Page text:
A new playlist is emerging – give it another week or so to cook down. Here’s one I just can’t stop obsessing over the complete genius of:
“Danny Nedelko” by IDLES
Yes, it’s a pro-immigration anthem with a British perspective. No, this is not just reheated 70s UK punk. Yes, they carry the metaphor through both the lyrics, the dynamics, and the melodic and harmonic choices. In other words – this is goddamn classroom worthy art that deserves to be studied.
1. Solo vocals in the verses, gang vocals in the chorus, illustrating the Individual-community dichotomy contained within the borders of the song. Keep the verse/chorus/bridge segmentation in mind as well as the passage of time over the course of the song.
2. The verse lyrics contrast labels (immigrant, alien, etc) with regular non-country specific jobs (mother, butcher) with famous people (Freddie Mercury, Malala, etc.). Labels make us different, but we share so many commonalities as humans, including our celebrities. Plus, they’re drawing attention to success stories who also emigrated across borders.
3. The chorus lyrics reflect a slippery slope argument where emotions about immigration devolve from fear to panic to pain to anger to hate, followed by a delightfully indifferent “yeah, yeah, yeah…” and ending on the subject matter – Ukrainian immigrant to the UK music scene, Danny Nedelko himself.
4. Melodically (and I’ll keep this 101, but we can sit down at a piano on this someday), the verses make use of an intensely close harmonic tension by moving from the home (tonic) note to a half-step below (major 7th) before resolving down to the more stable feeling midway point (5th) of the scale. Imagine Jaws-theme tension as you listen to the beginning of the verse. Note how the end of each line is structured down into stability (201 bonus: the guitar skips up to the major 7th, and then the tritone after each full line is money).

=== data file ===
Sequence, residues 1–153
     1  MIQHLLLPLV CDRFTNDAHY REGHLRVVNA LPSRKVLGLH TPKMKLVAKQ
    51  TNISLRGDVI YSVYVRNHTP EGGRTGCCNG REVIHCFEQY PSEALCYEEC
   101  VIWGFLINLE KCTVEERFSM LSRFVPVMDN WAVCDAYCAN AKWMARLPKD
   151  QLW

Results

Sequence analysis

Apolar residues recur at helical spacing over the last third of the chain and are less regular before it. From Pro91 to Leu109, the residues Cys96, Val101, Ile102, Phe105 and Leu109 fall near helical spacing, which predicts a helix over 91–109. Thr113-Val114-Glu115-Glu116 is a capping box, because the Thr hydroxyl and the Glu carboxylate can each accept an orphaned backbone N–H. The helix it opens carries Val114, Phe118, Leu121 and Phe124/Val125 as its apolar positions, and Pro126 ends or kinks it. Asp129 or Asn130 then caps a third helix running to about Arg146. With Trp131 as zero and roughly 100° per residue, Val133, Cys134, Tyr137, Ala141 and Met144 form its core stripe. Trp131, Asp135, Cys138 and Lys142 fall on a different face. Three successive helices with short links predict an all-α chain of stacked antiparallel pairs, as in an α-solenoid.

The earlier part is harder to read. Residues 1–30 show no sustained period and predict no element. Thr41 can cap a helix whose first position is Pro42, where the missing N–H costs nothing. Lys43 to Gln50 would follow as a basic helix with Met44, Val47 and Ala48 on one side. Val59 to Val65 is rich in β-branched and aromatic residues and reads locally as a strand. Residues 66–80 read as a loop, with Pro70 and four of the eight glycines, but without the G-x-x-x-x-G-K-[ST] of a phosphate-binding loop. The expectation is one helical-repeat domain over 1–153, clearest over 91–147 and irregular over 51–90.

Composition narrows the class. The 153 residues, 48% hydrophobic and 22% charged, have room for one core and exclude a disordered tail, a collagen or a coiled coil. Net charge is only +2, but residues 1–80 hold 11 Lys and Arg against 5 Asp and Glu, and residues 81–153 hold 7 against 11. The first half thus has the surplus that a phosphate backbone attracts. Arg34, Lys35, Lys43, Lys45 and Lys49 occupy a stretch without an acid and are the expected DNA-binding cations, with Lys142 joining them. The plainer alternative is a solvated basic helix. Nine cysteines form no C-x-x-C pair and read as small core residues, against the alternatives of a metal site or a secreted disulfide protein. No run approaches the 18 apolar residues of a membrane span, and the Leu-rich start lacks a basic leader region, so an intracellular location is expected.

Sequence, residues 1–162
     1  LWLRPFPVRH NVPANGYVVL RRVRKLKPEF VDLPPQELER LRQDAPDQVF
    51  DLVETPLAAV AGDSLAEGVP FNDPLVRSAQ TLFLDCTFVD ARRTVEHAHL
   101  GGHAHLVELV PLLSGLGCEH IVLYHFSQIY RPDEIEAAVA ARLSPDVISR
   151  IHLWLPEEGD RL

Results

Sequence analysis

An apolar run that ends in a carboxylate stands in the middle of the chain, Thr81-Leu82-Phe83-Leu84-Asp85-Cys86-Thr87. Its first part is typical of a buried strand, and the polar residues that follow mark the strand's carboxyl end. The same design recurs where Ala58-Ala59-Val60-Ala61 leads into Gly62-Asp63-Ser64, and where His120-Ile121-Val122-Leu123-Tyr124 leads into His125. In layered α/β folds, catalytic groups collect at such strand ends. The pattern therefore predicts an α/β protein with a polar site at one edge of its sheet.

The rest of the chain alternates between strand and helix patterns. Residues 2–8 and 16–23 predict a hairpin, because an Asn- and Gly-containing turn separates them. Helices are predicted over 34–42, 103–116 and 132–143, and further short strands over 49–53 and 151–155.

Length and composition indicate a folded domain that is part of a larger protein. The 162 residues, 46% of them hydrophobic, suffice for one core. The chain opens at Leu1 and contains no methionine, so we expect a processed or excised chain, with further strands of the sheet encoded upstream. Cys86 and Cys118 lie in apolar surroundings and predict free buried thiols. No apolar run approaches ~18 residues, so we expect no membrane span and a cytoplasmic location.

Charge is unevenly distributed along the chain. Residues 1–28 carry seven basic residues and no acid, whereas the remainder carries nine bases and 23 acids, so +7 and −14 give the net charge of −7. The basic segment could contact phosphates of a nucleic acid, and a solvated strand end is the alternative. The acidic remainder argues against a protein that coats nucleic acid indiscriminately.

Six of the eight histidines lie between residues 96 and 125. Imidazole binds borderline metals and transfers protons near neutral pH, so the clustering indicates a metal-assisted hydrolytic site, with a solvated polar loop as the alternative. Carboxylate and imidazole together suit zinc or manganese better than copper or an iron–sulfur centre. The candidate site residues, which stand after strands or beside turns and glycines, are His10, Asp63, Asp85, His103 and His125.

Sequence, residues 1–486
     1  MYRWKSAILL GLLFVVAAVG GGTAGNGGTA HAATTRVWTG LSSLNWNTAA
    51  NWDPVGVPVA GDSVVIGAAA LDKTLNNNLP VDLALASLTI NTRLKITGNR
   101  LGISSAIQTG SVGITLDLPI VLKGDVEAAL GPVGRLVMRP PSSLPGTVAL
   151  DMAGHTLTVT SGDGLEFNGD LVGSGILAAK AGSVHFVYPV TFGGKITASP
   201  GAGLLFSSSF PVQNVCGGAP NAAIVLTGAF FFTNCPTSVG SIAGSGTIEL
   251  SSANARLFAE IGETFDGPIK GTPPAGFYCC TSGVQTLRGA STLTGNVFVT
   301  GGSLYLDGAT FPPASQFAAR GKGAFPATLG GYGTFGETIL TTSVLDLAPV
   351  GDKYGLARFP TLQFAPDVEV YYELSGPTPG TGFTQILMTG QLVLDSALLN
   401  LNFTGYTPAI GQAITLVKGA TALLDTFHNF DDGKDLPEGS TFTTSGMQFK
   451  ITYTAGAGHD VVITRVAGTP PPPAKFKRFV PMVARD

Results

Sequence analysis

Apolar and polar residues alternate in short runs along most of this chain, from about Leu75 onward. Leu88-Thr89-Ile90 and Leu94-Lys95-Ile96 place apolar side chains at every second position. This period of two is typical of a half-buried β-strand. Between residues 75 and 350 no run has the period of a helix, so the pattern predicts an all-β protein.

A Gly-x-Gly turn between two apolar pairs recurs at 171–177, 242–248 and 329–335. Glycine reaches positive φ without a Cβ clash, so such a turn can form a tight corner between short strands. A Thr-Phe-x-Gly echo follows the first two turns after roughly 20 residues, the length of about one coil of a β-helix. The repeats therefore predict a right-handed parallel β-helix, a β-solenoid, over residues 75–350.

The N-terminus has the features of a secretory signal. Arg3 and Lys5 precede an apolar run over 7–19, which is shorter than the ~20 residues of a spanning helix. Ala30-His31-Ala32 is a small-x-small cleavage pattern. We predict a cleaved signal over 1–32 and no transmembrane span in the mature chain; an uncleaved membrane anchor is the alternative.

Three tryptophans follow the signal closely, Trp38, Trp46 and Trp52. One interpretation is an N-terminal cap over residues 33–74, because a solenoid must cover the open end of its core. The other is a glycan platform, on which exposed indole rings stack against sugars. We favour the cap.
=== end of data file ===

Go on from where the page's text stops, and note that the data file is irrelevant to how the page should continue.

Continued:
We can map this back to the lyrical content too. The highest note / peak of the songs melody always highlights key points (ex. the word “unity”), plus it starts the chorus where it slides down the aforementioned slope, and it puts the “yeahs” on a happier sounding part (major 3rd) of the scale bringing to mind maniacal laughter at the madness of the situation. They build these cycles in the vocal melody, the guitars, and the bass if you listen closely.
5. The bridge ties the whole song together by literally spelling it out for us. Nedelko is representative of the diversity within their musical community. If you don’t agree or understand, well, they spell that out for you too. Note that they never say “the word,” an indication of their personal restraint in the face of no restraint from others. This is subversively powerful.
6. The dynamics (loud/soft or loud/louder here) follow the lyrics too. Obvious, but important. I particularly like how they use it in the bridge to wrap several of these concepts together with the harmony, lyrics, and dynamics building towards the end of the song. The punk aesthetic of talking or shouting works well for the message.
7. When we consider the whole piece in time, it progresses through the continuing build and release of tensions, only to land on the reality of the maniacal acknowledgment of the situation, with a positive feeling resolution. It’s bookended well, making their frustration with the current political situation very clear in a genre-specific irreverent way, but still containing a feeling of hope.
This is not just another punk song. Maybe (probably) they didn’t write this thinking it through this way, but it’s still all there.
Give it a shot.
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